As much as we love our old, stained coffee cups, uninterrupted work cramps productivity and hurts employee happiness. Taking a much needed break from staring at our computer screens increases focus, productivity, and the well-being of employees. Creating a welcoming breakroom setting is important to any workplace.
You don’t want to retreat to a dingy breakroom with fluorescent lighting, with those soggy, cone-shaped disposable water cups. Depressing! Making your breakroom a relaxing retreat is an art. Many employers disregard the need for a space in the office to recharge, but they should think twice.
You don’t have to hire professional massage therapists to give your employees a spot to relax. GOS offers tips below, as well a crash course on breakroom etiquette, to help you give your employees a place to unwind.
Breakroom Do’s and Don’ts
Arguably, the most important rule-of-thumb to keep in mind when creating a great breakroom space is breakroom etiquette—setting up boundaries between employees.
Nobody really wants to talk about all the ways you will annoy your coworkers by not cleaning out the office microwave. But once the rules and boundaries are set, everyone will be happier.
So what are the do’s and don’ts of the breakroom?
First, the obvious: don’t eat the lunch with someone else’s name on it. Unless it’s Chad. Chad has been daring you to eat his dinner leftovers since he arrived in Accounting last winter.
But you should probably also decide who is in charge of making the coffee and replenishing the midday snacks.
Assigning breakroom tasks can be a great way to build team unity. Scheduling a monthly meeting to decide whether to order more creamer or Diet Cokes for your office supply delivery is a fantastic way to get to know more about your coworkers.
Other good breakroom etiquette: if you make a mess, clean it up. If you notice that the paper towel roll is gone, go ahead and replace it.
And, for all that’s good and sacred, throw away your used K cups. Your coworkers might even name you employee of the month.
But what else makes a great breakroom beside good etiquette?
Having up-to-date breakroom appliances may not seem worth it in the short-term, but it saves money in the long run and goes a long way toward making happy employees.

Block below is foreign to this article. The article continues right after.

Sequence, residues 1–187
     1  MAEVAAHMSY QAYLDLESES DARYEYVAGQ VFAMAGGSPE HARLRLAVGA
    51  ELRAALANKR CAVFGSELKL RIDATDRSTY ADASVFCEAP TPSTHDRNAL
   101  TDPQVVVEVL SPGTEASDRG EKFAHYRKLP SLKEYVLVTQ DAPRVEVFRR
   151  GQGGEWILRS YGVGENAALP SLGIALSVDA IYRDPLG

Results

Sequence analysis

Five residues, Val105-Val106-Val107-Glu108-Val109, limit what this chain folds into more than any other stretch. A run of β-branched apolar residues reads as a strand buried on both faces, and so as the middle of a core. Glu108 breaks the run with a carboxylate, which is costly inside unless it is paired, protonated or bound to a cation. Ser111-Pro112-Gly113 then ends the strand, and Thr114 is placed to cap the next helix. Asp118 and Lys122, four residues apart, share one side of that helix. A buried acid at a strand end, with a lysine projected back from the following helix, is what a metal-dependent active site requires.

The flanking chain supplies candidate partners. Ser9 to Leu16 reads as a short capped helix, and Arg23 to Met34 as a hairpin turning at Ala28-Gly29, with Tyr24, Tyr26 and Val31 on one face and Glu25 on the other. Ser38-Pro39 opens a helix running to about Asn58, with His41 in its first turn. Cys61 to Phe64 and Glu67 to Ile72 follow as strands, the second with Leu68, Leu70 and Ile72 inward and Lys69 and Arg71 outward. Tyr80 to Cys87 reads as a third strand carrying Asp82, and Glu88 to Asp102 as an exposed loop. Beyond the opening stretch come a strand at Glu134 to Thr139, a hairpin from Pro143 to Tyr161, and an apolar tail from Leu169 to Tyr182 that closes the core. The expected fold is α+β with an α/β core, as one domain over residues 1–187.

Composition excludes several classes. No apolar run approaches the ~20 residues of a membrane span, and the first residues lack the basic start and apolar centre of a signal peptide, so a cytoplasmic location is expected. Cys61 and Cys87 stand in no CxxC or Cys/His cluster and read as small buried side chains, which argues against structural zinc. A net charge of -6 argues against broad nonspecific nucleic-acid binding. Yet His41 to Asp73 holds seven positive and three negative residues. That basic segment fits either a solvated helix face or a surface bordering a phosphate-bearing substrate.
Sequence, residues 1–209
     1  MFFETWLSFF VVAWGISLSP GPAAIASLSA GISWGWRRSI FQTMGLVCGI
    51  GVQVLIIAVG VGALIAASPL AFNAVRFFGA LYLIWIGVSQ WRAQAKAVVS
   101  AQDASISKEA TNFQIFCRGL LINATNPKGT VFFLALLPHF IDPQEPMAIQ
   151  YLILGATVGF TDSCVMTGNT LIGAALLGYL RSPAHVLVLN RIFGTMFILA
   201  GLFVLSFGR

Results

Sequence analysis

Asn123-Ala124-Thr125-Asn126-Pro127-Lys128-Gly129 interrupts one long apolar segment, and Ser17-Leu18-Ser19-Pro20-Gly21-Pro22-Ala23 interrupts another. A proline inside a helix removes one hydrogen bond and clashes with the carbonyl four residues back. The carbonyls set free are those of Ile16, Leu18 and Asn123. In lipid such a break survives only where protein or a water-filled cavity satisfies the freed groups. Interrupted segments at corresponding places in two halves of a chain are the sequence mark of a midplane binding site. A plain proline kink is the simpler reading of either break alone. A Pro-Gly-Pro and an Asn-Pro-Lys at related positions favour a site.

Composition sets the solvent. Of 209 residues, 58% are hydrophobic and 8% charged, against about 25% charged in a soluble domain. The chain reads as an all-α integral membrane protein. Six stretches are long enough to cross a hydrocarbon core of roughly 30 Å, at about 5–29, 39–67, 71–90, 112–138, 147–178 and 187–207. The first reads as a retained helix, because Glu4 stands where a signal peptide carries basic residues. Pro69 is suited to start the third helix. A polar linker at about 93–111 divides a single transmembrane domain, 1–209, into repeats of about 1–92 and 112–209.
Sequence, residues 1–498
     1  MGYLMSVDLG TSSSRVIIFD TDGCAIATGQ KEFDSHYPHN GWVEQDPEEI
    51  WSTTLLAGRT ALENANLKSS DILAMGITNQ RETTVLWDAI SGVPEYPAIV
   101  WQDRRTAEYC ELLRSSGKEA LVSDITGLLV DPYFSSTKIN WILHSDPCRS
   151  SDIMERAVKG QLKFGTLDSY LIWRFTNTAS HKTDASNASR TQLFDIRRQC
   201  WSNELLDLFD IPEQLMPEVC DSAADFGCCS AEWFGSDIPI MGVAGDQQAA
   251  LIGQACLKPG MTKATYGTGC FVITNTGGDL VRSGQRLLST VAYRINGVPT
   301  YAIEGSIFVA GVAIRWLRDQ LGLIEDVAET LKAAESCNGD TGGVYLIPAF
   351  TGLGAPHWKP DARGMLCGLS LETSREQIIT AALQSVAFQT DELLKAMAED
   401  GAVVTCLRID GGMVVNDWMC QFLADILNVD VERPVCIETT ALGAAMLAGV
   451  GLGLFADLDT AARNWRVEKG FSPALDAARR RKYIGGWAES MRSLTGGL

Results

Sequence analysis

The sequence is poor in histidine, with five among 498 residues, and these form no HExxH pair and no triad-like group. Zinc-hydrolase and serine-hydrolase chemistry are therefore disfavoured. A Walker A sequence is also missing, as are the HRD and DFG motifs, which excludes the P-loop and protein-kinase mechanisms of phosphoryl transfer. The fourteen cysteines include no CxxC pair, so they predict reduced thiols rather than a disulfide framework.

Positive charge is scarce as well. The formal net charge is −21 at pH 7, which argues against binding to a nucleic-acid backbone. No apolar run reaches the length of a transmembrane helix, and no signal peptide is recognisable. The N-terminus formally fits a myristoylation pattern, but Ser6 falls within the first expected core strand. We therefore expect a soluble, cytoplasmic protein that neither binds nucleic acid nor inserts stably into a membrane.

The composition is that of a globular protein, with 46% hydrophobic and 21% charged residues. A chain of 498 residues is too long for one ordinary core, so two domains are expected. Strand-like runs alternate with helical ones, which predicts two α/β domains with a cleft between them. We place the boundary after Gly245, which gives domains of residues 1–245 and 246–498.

Ditch the white college-dorm fridge for a shiny stainless steel beauty. Maybe even spring for one with an icemaker and water dispenser.
Buying a new fridge or dishwasher for your office breakroom goes a long way in showing your employees that you care.
Office Breakroom Snacks
No one wants to work with a hangry employee. Remember when you stole Chad’s lunch, and for the rest of the day he sulked around the office like the Incredible Hulk with a hangover?
Having a variety of midday snacks for the office not only benefits your employee’s physical health, but their emotional health as well.
Bottled Water for the Office
Above we discussed ditching those cone-shaped cups that have been a staple of the office cooler for far too long. While switching to bottled water certainly sounds enticing, we are also aware of their harmful environmental impact. You can ditch the disposable cups and water bottles by offering your employees reusable water bottles.
Your employees can have fun customizing their water bottles, letting their personalities shine through.
Think about introducing breakroom activities from cornhole to a reading room (spend the money on switching out your magazines—you’re not a dentist’s office. Unless of course, you are a dentist’s office. But, even if you’re a dentist’s office, no one wants to read a Sports Illustrated from 1998!)
Feel free to brainstorm with coworkers and employees on what they would like to do during their breaks. Maybe playing Jenga is their thing. Maybe they hate Jenga. Maybe they have an “it’s complicated” relationship with Jenga. The point is: the options are endless when it comes to creating a fun breakroom space.